From hospital to care home, and back again

Bose smiling with care home resident
By Bose Adegbola, Older Person's Specialist Nurse, Guy's and St Thomas' NHS Foundation Trust

Increased life-expectancy combined with population growth has naturally led to a rise in the number of elderly people with complex needs. This has come as a challenge to health services the world over; Southwark and Lambeth are no exception.

Nowhere is this more important than during the transfer of care process between hospitals and care homes.

In my experience, as a member of the Care Home Support Team and an older people’s specialist nurse, and through the available evidence, we know that a poor transfer of care for our frail older people has the potential to create life-changing experiences. From readmissions and unexpected long-lasting physical effects to emotional and psychological impacts – that’s exactly why I believe our Acute-Care Home Interface Project was so important and why I wanted to be involved in getting transfer of care right.

I was the Interface Practitioner on this project which meant acting as a bridge between the hospitals and care homes to improve patient experience for frail older people who have either been transferred to or from Lambeth or Southwark care homes. The project focused on building relationships and improving communication between the care settings, to improve transfers of care and how these care setting jointly work through any problems.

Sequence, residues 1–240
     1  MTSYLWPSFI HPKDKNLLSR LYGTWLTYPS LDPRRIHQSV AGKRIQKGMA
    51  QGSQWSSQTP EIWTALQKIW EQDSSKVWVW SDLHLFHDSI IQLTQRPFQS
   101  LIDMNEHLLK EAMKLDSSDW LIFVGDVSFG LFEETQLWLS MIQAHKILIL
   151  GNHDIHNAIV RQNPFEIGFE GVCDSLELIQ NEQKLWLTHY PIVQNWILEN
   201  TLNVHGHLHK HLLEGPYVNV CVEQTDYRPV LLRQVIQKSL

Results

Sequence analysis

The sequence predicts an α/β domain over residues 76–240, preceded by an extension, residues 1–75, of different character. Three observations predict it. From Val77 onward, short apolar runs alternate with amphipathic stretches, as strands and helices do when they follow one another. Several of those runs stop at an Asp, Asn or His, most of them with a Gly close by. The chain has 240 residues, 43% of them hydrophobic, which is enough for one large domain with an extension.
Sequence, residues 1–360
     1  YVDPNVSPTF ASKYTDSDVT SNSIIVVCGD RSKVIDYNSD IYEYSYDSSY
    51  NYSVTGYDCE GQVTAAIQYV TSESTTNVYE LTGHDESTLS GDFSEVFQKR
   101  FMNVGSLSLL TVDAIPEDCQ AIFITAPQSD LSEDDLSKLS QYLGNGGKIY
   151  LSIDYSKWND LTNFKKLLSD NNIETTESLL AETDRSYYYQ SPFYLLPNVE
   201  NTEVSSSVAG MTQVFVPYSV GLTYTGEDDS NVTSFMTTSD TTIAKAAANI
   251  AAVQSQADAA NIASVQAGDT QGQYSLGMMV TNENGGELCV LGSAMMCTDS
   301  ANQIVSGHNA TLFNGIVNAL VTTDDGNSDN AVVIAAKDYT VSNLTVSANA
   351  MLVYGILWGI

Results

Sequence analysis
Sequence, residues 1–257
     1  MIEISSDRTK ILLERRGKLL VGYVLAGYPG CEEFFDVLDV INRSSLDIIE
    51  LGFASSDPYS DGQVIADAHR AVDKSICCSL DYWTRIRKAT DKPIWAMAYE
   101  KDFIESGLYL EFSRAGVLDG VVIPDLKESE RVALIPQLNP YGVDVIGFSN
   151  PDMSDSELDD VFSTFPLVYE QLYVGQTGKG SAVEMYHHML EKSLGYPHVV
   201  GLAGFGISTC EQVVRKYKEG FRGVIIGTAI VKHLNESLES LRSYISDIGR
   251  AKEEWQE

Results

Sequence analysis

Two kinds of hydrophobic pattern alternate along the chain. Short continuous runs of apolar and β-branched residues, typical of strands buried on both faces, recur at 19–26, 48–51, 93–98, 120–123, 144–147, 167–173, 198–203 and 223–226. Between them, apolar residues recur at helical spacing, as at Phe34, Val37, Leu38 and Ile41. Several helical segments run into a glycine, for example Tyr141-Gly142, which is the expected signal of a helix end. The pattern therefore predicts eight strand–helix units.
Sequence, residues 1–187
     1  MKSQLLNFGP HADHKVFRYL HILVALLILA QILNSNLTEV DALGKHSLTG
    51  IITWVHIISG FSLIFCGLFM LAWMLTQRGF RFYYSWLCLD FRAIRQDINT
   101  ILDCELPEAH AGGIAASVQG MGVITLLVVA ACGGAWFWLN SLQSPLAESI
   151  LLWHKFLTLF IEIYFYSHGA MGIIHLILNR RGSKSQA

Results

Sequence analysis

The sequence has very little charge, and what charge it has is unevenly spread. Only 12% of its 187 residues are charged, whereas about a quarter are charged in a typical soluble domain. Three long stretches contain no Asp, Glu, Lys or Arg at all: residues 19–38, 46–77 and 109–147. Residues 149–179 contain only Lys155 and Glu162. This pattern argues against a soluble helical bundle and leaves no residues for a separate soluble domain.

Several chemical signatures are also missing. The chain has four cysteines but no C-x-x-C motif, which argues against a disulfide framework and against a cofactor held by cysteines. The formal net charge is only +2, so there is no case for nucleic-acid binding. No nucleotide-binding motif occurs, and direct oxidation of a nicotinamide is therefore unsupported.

From my perspective, this was a challenge in almost every way as these two care settings are very different, in terms of their structures, governance and cultures – to name just a few.

To achieve our goal we worked extensively with consultant geriatricians, care home managers, ward managers and matrons, hospital and care home nurses, and discharge co-ordinators to develop the Transfer of Care Bundle and Checklist. This bundle sets out a gold standard for how a transfer of care should take place, which has already improved patient experience during testing.

This engagement was extremely valuable because it demonstrated that staff had bought into the process and believed, like I did, that it would improve transfers. It was fantastic to see how many of my colleagues were keen to make a real difference.

For me a key aspect of the bundle is a new discharge checklist, which we hope will prompt professionals to share all of the required information with each other when the patient is being discharged to a care home.

We also decided to include a prompt about the PEACE (Proactive Elderly Advance Care) document within the bundle to encourage professionals to have difficult, but important, conversations with their patients, their families and carers. This helps identify advance care planning needs and avoid preventable hospital admissions.

PEACE is important to older people as it empowers them to tell family, carers and medical staff what their wishes are towards the end of life. In my various roles I have seen the benefits of completing a PEACE document and believe that this is a crucial element of the bundle.

So far we’ve received a lot of positive feedback from care home and hospital staff, as they become better acquainted with the bundle and the new documents within it.

As you would expect, this will take time to become fully embedded across all care settings. We recognise that it’s always difficult to transform existing processes, but there is no doubt that I believe it will be worthwhile.

Despite the promise of early testing, there remain challenges to fully embedding this new transfer of care process into both environments. For this to happen it requires the support of care homes and hospitals, so that in the future every transfer of care follows this new way of working.